Tuesday, October 2, 2012

FLOTUS and Me: Trading Parenting Tips with Mama Obama

Serious Business: First Lady Michelle Obama raising black women-in-training
(photo: Tracy Russo)

Strict Rules? Seriously?

Read my take on HuffPost

There's been much ado about how sternly Mrs. Obama parents First Daughters, Sasha and Malia. But what some people call "strict,"is business as usual in my house. I'm sure my girls, ages 11 and 14 just like Sasha and Malia, feel as though I ride them like a cheap pair of boyshorts. Can you blame me? Let's be real: I'm raising brown girls in an unkind world.

Sometimes I jokingly tell my daughters to, "Buckle up, buttercup! Life is hard." But being mama to two Black women-in-training is no joke to me. It's serious business. I've got to prepare them to work extra hard. Learn more about what I have in common with "Chelle" (I'm sure she'd let me call her that seeing as we're tight and all). Check out my post!

Sunday, September 16, 2012

Top 9 Things No One Tells about Being Class Mom

(Hint: Yes, there will be snot)

By now the class mom sign-up sheet has likely arrived in your child’s backpack. Or maybe it was passed around at back-to-school night. I’d like to take this opportunity to stick a shiny gold star on your cute little forehead for even considering this noble role. You are a mom among moms. Just don’t take this responsibility lightly. Class parenting is not for the faint of heart. Many are called, but few are chosen. (Especially if you have a power-drunk PTA board that subjects you to a cloying application process as though you’re vying for Homecoming Queen. But that’s another post).

Between all my three kids, I’ve probably served four or five class mom sentences terms. It’s not like I’m trying to pass myself off as the class mom Grand Puba. I have simply learned a thing or two along the way. And I like to help a sister out. Like loose bowels and other dirty little secrets of labor and delivery, there are elements to class mom stints that insiders tend to keep on the low. To heck with that! I’m telling it all. Here’s what you should know.
  1. Class mom is not Mommy & Me time. You’ll be asked to do things with as many as a half dozen kids at once—like math bingo, making Thanksgiving hand-print turkeys. If your kid is always first or gets do-overs, the game or activity will get old really fast for the rest of the class.
  2. Yes, you can juggle class mom with your fulltime job. Depending on the school, you may get a definitive clique vibe from the tight-knit group of mothers who typically volunteer—like it’s an exclusive sorority of stay-at-home-moms and you don’t measure up. Usually, even if most of the mothers don’t have paying 9-5’s, they don’t mean to come off as stuck up, judgmental haters. So put your big-girl panties on and step up. You don’t need new best friends, but you do need to be involved in the place your kids spend most of their time. As class mom, you don’t need to log weekly hours of actual face time. The main thing is communicating with parents and organizing them to donate food, supplies and in-class help when the teacher asks.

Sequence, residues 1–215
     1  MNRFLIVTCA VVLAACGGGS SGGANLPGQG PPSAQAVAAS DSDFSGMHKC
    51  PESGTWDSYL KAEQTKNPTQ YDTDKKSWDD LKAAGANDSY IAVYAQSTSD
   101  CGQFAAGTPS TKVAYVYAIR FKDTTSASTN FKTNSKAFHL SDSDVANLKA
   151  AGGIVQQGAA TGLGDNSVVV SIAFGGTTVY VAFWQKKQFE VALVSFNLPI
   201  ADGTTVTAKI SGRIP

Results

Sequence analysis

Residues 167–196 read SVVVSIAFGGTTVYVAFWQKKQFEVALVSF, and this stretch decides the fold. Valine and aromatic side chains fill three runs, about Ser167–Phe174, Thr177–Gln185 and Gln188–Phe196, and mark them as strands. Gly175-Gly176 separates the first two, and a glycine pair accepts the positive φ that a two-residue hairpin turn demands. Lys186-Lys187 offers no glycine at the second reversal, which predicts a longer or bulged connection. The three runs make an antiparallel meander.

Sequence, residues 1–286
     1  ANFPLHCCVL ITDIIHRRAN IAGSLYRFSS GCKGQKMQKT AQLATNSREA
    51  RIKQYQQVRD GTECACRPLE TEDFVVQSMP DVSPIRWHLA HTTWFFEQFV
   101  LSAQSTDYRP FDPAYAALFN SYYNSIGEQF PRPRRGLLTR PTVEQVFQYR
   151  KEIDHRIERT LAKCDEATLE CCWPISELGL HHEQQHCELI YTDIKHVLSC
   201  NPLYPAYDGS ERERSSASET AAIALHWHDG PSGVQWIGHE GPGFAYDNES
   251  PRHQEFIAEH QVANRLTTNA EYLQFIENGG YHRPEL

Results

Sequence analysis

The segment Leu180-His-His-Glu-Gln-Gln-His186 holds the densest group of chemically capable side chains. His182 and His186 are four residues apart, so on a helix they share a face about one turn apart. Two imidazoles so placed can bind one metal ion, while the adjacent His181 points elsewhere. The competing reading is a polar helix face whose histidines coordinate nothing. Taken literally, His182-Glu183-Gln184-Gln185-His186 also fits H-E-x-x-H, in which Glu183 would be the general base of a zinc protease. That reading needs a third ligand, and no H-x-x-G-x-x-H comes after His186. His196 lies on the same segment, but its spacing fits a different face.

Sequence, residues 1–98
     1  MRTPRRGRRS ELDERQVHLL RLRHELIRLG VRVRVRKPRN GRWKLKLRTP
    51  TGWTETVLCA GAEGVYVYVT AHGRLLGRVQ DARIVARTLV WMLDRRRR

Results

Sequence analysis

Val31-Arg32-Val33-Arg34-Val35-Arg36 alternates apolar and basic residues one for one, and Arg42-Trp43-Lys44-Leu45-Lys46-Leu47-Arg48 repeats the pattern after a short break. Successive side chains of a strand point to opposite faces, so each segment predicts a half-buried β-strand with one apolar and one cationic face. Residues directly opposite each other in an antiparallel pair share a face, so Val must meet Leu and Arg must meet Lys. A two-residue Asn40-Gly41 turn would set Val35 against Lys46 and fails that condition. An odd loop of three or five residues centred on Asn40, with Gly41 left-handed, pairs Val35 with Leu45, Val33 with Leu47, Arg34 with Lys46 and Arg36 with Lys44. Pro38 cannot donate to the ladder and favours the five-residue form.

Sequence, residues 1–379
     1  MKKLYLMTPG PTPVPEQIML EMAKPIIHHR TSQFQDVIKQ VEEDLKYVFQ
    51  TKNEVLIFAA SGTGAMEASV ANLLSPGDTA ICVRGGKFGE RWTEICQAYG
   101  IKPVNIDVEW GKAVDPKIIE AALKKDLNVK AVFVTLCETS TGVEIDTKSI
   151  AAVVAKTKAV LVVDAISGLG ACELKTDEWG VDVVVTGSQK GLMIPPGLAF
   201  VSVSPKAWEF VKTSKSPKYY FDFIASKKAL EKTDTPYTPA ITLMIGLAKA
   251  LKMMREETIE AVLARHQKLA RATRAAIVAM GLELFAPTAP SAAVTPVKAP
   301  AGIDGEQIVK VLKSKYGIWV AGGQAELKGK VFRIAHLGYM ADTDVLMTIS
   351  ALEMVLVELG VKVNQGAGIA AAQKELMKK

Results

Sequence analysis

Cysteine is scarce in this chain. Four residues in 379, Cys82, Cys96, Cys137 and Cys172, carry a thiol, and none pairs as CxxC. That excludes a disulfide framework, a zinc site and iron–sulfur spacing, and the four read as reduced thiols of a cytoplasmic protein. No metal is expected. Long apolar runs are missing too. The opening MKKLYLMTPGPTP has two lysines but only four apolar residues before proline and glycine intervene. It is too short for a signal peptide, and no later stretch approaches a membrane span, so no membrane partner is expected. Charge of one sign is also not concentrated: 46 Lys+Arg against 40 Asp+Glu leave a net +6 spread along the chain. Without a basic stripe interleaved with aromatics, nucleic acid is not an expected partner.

3. There will be snot. No tissue? No problem. A sleeve or back-handed wipe is proper hygiene in a kid’s world. Think about how often you have to remind your own children to wash their hands after making potty. Now multiply your kid by 23. If you have a germ phobia now is a good time to get over it. Alternatively you can invest in a fashionable hazmat suit or carry hand sanitizer around like an appendage to ward off boogers and other bacteria.

Friday, September 7, 2012

I am a Grown-Up Mom

Today I am a Grown-Up Mom — Truly, For Real

With surgeon-like precision, my eldest leans in to the bathroom mirror sweeping her long hair to one side. At 14, it takes a just-right stroke of mascara and lip gloss to achieve the “I’m-not-trying-I’m-just-pretty” effect needed to face your first day as a high school freshman.

Her younger sister makes her foray into the big, middle school building today. She is less about the close up. More about the profile, wanting to be seen; but not exactly noticed. The cami hits her newly rounded hips at the proper angle. And for as long as the weather gods allow, her blown-out hair grazes her waist and glistens a bit.

Upstairs my little man-child is deep in preparation. Big kid adventures of kindergarten — recess, napless afternoons and school bus rides—beckon. Spider Man blazes across his chest, secures his lunch and (for extra measure) the entire Super Hero posse stands guard on his backpack.

It’s the first day of school and everyone is excited up in here. Even Mama. Especially Mama.